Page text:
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Tech For Everyone #5: Intel's grudge + Alienware's cherry on top

Tech For Everyone #5: Intel's grudge + Alienware's cherry on top
By Jason Evangelho • Issue #5 • View online
Hello my friends! Welcome to another installment of geekery and, apparently, more retro music nostalgia, courtesy of your friendly neighborhood tech junkie.
In today’s issue, discover a new laptop that’s finally getting the keyboard love it deserves. And cringe at Intel’s new ad campaign.
Plus, a trio of music-related stories you need to check out, and a peek at what’s coming up on Tech For Everyone.
If you’re enjoying this newsletter, please share the tech love and forward it to a friend. It’s free, and I’ll never spam you with ads.
OK, let’s not waste any more keystrokes. I only have 192,999,697 left…

In 2013, I was fortunate enough to be one of the first people to experience Nvidia’s G-Sync display tech. Engineers from the company personally delivered one to my home office and demonstrated it for me.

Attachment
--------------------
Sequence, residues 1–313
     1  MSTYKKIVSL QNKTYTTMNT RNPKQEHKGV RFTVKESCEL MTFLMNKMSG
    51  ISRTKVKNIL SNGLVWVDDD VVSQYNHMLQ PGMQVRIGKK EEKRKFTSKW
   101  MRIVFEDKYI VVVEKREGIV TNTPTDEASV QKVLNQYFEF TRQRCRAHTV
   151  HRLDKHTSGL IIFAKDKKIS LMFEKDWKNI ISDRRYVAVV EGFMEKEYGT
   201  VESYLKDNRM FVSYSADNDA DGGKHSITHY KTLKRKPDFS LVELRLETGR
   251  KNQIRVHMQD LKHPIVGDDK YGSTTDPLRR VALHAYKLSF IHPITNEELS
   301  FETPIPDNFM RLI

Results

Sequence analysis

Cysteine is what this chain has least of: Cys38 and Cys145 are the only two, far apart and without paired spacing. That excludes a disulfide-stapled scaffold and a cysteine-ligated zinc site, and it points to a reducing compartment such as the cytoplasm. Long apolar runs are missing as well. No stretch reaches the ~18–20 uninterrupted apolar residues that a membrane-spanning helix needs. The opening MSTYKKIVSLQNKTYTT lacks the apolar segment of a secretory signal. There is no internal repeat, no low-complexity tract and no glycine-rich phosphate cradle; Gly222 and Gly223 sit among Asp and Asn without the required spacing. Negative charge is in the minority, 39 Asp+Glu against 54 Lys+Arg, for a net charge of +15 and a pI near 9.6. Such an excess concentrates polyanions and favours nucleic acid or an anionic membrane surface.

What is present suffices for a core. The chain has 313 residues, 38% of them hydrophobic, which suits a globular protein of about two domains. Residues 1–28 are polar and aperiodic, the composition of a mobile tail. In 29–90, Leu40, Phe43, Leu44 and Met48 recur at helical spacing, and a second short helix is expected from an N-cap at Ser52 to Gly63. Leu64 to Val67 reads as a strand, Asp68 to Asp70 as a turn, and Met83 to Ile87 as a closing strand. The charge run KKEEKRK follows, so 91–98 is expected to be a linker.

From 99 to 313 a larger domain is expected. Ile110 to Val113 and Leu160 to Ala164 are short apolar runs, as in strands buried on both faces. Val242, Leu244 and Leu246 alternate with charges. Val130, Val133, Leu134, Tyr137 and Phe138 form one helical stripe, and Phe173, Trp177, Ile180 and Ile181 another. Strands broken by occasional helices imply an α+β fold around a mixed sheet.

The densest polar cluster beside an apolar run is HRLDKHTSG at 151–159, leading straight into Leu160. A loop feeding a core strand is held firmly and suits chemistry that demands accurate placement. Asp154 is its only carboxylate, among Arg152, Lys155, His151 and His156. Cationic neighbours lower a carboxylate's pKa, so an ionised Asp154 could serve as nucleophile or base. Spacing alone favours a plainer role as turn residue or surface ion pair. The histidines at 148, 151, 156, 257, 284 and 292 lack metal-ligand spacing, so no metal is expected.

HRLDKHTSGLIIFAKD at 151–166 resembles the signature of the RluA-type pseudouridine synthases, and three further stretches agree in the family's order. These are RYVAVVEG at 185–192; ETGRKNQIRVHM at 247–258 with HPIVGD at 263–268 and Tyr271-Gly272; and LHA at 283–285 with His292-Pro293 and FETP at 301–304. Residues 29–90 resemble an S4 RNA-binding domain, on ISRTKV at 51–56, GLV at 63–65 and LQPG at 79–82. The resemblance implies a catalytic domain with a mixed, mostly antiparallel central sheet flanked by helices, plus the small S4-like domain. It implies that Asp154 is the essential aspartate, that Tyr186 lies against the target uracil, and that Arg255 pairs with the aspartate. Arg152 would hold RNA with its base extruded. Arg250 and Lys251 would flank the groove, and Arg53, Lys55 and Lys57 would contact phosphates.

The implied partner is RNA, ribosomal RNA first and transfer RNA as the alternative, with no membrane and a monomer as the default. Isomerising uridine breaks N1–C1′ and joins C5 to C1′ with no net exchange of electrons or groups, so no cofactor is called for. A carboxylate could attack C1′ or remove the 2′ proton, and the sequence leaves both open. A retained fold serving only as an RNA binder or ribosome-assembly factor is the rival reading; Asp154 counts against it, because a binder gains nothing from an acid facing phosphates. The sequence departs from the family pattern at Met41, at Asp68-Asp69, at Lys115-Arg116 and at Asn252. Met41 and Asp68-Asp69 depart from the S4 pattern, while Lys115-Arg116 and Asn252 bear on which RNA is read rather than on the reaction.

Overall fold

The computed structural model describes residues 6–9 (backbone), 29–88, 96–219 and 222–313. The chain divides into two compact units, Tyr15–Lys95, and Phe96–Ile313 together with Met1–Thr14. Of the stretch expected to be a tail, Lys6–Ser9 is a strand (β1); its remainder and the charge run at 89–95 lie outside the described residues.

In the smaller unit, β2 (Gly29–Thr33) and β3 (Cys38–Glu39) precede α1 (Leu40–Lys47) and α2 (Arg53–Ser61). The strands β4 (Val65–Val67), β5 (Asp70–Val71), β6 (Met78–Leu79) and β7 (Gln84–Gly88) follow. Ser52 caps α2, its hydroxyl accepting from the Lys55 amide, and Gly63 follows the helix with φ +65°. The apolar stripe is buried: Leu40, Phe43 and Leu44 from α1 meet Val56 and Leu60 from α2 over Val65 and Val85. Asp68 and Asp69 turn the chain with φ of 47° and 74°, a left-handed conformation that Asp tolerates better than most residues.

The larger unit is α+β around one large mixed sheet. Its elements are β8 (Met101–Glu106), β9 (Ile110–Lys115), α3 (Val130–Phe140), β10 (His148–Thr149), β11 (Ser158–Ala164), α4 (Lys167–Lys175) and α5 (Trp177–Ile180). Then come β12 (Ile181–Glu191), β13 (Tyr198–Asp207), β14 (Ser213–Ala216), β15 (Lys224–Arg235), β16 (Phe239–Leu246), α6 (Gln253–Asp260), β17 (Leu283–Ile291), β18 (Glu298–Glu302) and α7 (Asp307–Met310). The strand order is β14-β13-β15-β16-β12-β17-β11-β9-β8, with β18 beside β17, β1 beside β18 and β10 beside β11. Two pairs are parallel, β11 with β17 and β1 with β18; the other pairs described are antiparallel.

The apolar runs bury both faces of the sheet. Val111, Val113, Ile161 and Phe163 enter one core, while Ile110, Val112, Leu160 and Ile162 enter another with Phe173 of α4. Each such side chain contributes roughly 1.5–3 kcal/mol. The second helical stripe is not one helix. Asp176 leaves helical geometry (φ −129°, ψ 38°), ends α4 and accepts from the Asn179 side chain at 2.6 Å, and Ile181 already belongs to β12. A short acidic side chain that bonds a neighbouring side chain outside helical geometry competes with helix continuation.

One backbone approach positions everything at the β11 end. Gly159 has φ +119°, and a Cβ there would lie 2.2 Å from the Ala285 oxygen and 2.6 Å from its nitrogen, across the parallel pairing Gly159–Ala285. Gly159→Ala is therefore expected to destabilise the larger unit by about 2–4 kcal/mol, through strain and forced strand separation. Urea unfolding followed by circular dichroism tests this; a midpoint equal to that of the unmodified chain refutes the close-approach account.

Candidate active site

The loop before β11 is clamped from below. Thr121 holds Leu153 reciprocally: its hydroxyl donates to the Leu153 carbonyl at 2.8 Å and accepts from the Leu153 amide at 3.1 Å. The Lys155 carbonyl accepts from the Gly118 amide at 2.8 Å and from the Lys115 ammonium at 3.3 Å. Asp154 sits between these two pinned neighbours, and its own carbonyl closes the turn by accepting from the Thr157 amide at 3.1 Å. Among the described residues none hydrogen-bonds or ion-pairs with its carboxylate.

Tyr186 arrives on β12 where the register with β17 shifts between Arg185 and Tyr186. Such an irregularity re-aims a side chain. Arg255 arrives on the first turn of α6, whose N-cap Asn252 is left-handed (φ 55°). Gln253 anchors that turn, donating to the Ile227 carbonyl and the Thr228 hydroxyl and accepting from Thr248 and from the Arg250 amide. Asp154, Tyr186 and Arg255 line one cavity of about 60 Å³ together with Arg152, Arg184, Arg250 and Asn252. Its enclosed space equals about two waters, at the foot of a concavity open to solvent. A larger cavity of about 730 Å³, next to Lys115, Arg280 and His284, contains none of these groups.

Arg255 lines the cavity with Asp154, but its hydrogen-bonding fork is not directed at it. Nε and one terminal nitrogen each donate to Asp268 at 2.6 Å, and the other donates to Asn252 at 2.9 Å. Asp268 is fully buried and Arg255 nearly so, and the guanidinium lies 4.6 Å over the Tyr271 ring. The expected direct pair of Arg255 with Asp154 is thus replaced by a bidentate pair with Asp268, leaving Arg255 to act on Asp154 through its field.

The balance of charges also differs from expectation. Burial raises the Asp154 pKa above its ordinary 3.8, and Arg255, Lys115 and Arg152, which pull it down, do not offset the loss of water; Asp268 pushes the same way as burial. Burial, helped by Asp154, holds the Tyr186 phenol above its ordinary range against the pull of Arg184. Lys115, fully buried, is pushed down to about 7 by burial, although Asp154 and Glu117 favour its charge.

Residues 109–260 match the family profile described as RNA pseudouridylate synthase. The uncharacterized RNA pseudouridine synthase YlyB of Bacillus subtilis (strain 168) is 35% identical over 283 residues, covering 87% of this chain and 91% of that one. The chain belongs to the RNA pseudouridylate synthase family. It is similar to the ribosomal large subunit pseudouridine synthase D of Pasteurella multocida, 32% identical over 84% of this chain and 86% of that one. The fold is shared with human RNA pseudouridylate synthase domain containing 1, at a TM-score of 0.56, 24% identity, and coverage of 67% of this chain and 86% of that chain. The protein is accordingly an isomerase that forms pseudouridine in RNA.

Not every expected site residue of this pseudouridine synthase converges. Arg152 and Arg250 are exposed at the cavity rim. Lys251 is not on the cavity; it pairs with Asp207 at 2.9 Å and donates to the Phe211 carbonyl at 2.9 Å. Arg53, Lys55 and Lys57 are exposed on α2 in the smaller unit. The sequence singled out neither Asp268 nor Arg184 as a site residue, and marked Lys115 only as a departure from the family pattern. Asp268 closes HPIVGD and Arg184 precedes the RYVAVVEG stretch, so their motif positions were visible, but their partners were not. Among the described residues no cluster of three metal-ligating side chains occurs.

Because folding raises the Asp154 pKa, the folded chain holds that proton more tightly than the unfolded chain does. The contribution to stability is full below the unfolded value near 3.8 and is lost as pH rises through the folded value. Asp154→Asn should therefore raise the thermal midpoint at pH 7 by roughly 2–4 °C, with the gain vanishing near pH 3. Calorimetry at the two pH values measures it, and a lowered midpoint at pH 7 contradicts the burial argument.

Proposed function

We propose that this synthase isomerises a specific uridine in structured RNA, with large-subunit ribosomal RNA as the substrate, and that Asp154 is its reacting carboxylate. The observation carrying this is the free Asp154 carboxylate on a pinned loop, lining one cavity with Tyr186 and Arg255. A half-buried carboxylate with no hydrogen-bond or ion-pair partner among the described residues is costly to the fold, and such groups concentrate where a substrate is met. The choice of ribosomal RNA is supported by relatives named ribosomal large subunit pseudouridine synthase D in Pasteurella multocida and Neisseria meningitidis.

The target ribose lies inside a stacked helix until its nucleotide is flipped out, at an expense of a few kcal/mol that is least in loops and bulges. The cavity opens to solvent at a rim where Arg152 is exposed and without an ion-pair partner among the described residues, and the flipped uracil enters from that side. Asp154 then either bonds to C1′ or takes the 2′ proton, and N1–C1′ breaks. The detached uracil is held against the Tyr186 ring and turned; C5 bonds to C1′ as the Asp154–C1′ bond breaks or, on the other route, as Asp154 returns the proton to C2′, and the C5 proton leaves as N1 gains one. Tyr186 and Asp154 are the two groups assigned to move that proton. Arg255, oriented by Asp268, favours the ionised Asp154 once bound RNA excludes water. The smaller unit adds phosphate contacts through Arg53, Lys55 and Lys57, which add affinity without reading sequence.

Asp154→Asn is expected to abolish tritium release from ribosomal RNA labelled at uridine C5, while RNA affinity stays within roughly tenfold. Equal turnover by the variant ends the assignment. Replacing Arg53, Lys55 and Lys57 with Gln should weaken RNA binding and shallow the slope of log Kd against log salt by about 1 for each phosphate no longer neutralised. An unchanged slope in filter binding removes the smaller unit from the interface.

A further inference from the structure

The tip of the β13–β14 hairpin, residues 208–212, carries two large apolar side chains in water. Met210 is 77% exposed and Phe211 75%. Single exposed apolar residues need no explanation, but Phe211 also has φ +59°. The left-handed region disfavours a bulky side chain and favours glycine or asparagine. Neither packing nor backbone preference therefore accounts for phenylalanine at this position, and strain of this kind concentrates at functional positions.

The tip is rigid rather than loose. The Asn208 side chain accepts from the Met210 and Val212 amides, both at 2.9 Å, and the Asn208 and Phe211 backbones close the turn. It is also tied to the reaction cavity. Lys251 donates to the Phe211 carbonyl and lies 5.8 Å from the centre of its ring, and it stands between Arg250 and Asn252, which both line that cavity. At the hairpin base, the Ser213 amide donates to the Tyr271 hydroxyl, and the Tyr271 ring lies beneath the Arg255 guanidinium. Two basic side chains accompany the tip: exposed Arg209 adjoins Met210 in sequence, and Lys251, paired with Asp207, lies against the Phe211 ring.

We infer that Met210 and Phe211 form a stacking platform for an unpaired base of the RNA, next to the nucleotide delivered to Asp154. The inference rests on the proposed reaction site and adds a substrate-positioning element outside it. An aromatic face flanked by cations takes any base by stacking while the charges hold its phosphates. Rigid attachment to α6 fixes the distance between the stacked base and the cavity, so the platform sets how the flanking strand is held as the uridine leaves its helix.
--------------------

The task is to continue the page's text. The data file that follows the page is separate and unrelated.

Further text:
At the time, it was a prototype. An ASUS monitor that had the first G-Sync module wired into it. They slapped it down on my desk and invited me to play anything from my PC game collection, promising that it would forever change how I’d want to experience PC gaming.
Nvidia was right. It was revolutionary. And I praised the crap out of it.
Fast-forward to today: G-Sync and FreeSync are literal game-changers, providing both a competitive advantage and a much smoother and more enjoyable visual presentation.
Our monitors a crucial gateway into our games, and it’s refreshing that variable refresh rate displays are becoming the norm.
On laptops, the keyboard hasn’t received the same kind of revolutionary treatment, despite being an equally important component. Whether we’re gaming, working, or chatting, the keyboard is a constant and necessary interface.
For the most part, laptop keyboards still suck, with ThinkPads being a notable exception. Are they passable? Sure. Do I want to voluntarily type on them all day? Absolutely not.
While they’re not all as terrible as the infamous 2016 MacBook Pro, they don’t exactly make our fingers tingle with delight.
CHERRY MX, a name that has become synonymous with mechanical keyboards for desktop PCs, has been doing something about that.
For the past 3 years, CHERRY MX and Alienware have been working together to create a “binary mechanical switch experience” for a laptop form factor.